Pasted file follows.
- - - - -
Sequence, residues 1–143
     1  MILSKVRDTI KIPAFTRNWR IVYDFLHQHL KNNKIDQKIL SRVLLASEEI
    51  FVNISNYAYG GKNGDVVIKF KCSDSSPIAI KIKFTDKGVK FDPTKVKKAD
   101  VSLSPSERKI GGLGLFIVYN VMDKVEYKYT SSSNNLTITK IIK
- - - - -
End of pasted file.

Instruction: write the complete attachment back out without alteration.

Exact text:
Sequence, residues 1–143
     1  MILSKVRDTI KIPAFTRNWR IVYDFLHQHL KNNKIDQKIL SRVLLASEEI
    51  FVNISNYAYG GKNGDVVIKF KCSDSSPIAI KIKFTDKGVK FDPTKVKKAD
   101  VSLSPSERKI GGLGLFIVYN VMDKVEYKYT SSSNNLTITK IIK